Will FNB kill off the estate agency business
On Wednesday 31 October 2018 FNB dropped a bombshell when it announced a new addition to their banking app that allows clients to list properties on their Nav Home Feature. Prospective Buyers and Sellers can talk to each other via the chat function in the app to arrange a viewing or negotiate price. FNB also helps with determining the selling price by offering a free value estimate for the property. FNB clients who use this feature will be able to view similar and current listings in their area.
Buyers are also able to request a pre-approval home loan through the app and a standard Offer to Purchase document is available through the app. The head of FNB Retail, Raj Makanjee says “We see a significant opportunity to become a game changer in the property industry”.
One can instantly see the value-add for buyers and sellers.
Naturally, this development has got estate agents in a twist. The Private Property Practitioners Facebook Group is full of indignant posts from agents threatening to boycott FNB and some are even concerned that online pro Private Property may be offering listings to the app.
The truth is that the real estate industry has been under siege for a while. Attorneys selling houses for 3% and online portals have been their main gripe. Even Andrew Golding announced the purchase of online portal EAZI.com not too long ago.
The truth is that FNB isn’t the bad guy here. The world has changed and technology has challenged existing business systems. The music industry went through a fundamental change not so long ago. Long gone are the thousands of square meters dedicated to music stores in shopping malls. This industry also battled with change. The music industry initially started suing kids for downloading illegal music but we all know how that ended. In time musicians started giving away their music for free on YouTube and raked in the money by singing for their supper once again. iMusic, Napster and others stepped into the void with new business models that made sense to consumers.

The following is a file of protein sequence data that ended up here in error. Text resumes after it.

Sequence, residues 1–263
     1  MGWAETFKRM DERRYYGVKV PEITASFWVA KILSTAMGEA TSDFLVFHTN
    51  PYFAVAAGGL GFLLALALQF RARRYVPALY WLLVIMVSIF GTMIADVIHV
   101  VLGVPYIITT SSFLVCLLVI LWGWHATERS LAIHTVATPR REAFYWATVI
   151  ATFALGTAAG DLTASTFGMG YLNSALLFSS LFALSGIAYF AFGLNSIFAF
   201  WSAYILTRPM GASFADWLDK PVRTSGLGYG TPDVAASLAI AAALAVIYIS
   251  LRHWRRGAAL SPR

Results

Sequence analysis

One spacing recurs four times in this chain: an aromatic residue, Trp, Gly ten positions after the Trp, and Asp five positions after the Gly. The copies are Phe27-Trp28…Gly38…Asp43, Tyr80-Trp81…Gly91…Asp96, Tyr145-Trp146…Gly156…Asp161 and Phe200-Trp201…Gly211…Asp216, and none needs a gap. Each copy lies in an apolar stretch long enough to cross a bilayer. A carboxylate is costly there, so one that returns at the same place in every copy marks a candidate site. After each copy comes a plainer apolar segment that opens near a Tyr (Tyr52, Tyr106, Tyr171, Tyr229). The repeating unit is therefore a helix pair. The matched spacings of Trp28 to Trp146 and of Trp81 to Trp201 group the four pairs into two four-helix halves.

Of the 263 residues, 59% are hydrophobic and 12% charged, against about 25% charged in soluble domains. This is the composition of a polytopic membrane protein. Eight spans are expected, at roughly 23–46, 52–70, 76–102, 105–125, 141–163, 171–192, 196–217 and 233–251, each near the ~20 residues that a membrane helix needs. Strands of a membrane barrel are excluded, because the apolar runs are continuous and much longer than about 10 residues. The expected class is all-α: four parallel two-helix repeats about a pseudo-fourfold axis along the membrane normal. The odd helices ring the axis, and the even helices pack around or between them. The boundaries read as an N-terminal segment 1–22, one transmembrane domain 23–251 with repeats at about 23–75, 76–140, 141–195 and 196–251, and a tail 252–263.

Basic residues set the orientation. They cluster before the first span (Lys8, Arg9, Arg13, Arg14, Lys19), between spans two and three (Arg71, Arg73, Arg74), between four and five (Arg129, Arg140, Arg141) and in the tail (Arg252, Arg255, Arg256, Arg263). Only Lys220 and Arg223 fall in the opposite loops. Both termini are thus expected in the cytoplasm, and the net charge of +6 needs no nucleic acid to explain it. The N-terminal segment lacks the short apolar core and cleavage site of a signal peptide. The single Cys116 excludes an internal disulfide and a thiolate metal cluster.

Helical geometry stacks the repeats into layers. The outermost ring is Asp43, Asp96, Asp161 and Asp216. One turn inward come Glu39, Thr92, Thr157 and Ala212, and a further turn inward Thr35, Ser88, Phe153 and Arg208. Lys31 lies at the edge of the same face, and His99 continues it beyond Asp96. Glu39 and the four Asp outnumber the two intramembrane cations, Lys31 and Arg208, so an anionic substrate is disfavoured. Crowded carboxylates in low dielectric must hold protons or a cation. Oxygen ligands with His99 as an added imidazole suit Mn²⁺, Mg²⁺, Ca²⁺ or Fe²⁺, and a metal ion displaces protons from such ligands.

The shock for agents is that they didn’t see this coming. Their eyes were on traditional online portals such as Property Fox. At the recent Inman Real estate Conference held in San Francisco, ~South African Agents got a glimpse of the future. By and large, agents work hard. There are around 43000 registered agents chasing 22 000 sales a month. Of these sales around 8000 a month are in the R800 000 bracket and above.
Now whether the FNB APP will gain traction or no, is not certain. But what is certain is that the current estate agency model is under siege. Estate Agents need to use this crisis to take stock and to change the perceptions that people have of them. Agents need to reevaluate their position in every aspect of their business in order to survive.
There will always be room for the agent to hold the hand of the clients, there is no doubt about that. However, the FNB move, the online agencies, and the attorneys are all eroding the pie. To survive, agents need to reinvent themselves and start building bridges of trust. One way is to recommend independent home inspections. A HouseCheck is after all the only way a buyer can protect themselves from a system that is stacked against their interest.
By the way, HouseCheck also has a policy of sharing its reports with the agent involved with the deal. This increases transparency, fairness and builds bridges of trust between the agent, the buyer (who normally pays for the report) and the seller.
Through Housecheck, a number of these forward-thinking agents are already doing so.
We salute them, not only for the business it gives us but for the peace of mind it gives buyers and sellers.
The cynical amongst ourselves may want to believe that the agents who routinely recommend HouseCheck are just protecting their self-interest. However, our information is that these progressive agents are all considered to be at the top of their game with higher than average sales.